Default

    Re: Music Express June 2013 Daft Punk Interview

    What is it that determines if you simulate strings with the synthesizer or if you record real strings?
    Thomas: Whenever you can hear strings on the album, they're real. Sometimes they sound like a synthesizer, that's true. But that again does say a lot.


    The supposedly most sold record in House music comes from Thomas Bangalter. 1998 saw the release of Stardust's 'Music Sounds Better With You', a side project of Daft Punk. That track was based on Chaka Khan's 'Fate' from 1981. It remained with one track released using that cleverly used sample. 2 years later Daft Punk released 'One More Time', they used analogue synthesizers and tried to give their songs a more structured build than on their previous album Homework with 'Around The World'. Discovery, the second album from 2001, was a sampling orgy: They were the first who were allowed to test the Roland VP 9000. Using it they built their songs. They let their guests sing to samples of George Duke and Barry Manilow. Human After All, their last studio album from 2005, almost entirely worked without any samples. There weren't any singles, no videos, no interviews, just a ringtone and a message on the internet: 'Wir sincerely believe our album speaks for itself.'


    The story of Daft Punk is that of robots becoming human.
    Thomas: Ah, I don't know. We always thought of ourselves as musicians. We didn't start with computers but with old drum machines and synthesizers.
    Guy-Man: And samplers.
    Thomas: Those were our interfaces between mankind, machines and music. The robots were our aesthetics, not our program. Working with drummers and bassists now, it remains the same. Our music always was human and not formatted like modern computer based pop music. For us, it's about the performance nowadays.

    Is it about Disco?
    Thomas: See that as you like. If you want to call RAM a disco album, call it that.

    A Prog Disco album.
    Guy-Man: Progressive funk with rock vibes. We just make music and see what comes around eventually.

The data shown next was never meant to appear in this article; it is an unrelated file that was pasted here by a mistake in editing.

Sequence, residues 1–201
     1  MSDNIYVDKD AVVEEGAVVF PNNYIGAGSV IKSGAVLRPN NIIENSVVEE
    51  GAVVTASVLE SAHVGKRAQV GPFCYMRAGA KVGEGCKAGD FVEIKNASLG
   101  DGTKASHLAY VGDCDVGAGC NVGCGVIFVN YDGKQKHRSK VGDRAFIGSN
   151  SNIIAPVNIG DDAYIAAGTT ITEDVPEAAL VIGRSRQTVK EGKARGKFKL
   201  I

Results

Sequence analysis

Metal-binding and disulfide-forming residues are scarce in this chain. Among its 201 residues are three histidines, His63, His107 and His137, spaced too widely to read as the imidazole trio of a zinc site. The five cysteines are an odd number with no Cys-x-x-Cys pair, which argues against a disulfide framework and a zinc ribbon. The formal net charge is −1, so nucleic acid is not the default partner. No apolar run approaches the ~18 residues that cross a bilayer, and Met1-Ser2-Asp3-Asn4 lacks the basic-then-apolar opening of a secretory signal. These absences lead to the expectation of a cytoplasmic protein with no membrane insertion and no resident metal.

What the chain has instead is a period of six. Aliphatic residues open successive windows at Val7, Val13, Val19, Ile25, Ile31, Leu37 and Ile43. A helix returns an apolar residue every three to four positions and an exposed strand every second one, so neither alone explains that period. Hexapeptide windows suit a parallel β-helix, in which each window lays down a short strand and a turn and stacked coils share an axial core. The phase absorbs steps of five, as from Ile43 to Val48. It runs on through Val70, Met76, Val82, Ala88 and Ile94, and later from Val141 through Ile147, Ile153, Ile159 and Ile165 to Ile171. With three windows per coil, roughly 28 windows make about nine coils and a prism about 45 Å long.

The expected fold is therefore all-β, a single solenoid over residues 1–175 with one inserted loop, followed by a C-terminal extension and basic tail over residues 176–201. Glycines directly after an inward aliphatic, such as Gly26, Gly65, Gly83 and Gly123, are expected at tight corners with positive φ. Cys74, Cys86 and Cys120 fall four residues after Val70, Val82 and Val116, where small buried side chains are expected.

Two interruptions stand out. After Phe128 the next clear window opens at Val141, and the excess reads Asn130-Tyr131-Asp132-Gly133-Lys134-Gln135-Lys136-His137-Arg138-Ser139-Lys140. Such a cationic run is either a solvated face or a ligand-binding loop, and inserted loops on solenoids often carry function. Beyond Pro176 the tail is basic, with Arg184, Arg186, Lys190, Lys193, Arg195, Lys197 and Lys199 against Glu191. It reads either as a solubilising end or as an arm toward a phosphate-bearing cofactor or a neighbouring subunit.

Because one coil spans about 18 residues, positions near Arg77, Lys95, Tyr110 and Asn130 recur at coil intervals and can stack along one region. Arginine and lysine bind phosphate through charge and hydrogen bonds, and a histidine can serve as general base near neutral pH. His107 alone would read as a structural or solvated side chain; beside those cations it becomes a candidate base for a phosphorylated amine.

The guitar on the first track, 'Give Life Back To Music', is that Nile Rodgers?
    Thomas: Oh yeah, that's him.

    Because Nile Rodgers has always seen modern dance music as craft?
    Thomas: We wanted to work, really work with musicians that we appreciated as musicians and persons. Nile is an unbelievable guitarist, song writer and producer.
    Guy-Man: A nice guy.
    Thomas: A soul. When we started, we were 20. Now we're nearly 40 and mature enough to work with a 60 years old guy. Or with Giorgio Moroder who is 72. Age differences are becoming blurred for us. Ten years ago it would have been to early, in ten years might be to late.

    'Good Times' made Nile Rodgers famous and the 'Good Times' sample in Sugarhill Gang's first Hip Hop track 'Rapper's Delight' gave everlasting fame to him.
    Guy-Man: The sampler invented Rap music!

    Are there really no samples on RAM?
    Thomas: No, everything's been recorded.
    Guy-Man: That's not true: There are two samples on track 13, the last track. One's from the band The Sherbs and the other one's a radio message from Apollo 17. We sampled a lot in the last 20 years, we gave distinction to the sampling culture. Now we made an album that can be used for sampling. I want to explicitly call on everybody to sample our songs!
    Thomas: That would be another way to describe the album. We always had this line on mind, that border between old and new music. Today we use audiophile recording technology that existed before the digital revolution. This is music that can only be done in teamwork. With musicians, audio engineers, producers. Back in the days you would have called it modern classics. You call it Disco.

  9. Like DAFTFOEVER, On The Fly likes this post
  10. Rep:
    CJVercetti's Avatar
    Posts
    1,764
    Points
    4,339
    Join Date
    Oct 2007
    Location
    Poo Jersey
    Default

    Re: Music Express June 2013 Daft Punk Interview

    Is that it then?
    Staight Outta Compton.

  11. Rep:
    DaftCr3w's Avatar
    Posts
    350
    Points
    1,107
    Join Date
    Mar 2013
    Location
    Germany
    Default

    Re: Music Express June 2013 Daft Punk Interview

    Still 2 or 3 pages left

  12. Like On The Fly likes this post
  13. Rep:
    On The Fly's Avatar
    Posts
    352
    Points
    1,173
    Join Date
    Mar 2012
    Location
    Russia
    Default

    Re: Music Express June 2013 Daft Punk Interview

    Le bump
    sorry translators :>

  14. Like jsaid001 likes this post
  15. Rep:
    On The Fly's Avatar
    Posts
    352
    Points
    1,173
    Join Date
    Mar 2012
    Location
    Russia
    Default

    Re: Music Express June 2013 Daft Punk Interview

    B.u.m.p.
    :3

Page 2 of 2 FirstFirst 12

Similar Threads

  1. Dazed & Confused: Moroder vs. The Machines June 2013
    By TheGist in forum Interviews/Media Appearences
    Replies: 17
    Last Post: 20th Feb 2014, 19:09
  2. Daft Punk featured in Floornet June '13 issue Japan [pics]
    By piroteki in forum Interviews/Media Appearences
    Replies: 10
    Last Post: 14th May 2013, 09:51
  3. "Future, Again!" - Music Express, February 2011
    By ifcwdjd in forum Interviews/Media Appearences
    Replies: 2
    Last Post: 30th Jul 2012, 08:03
  4. Daft Punk interview in "The Evolution of Electronic Dance Music?"
    By CherieD'Amoure in forum Interviews/Media Appearences
    Replies: 17
    Last Post: 17th Jun 2012, 23:27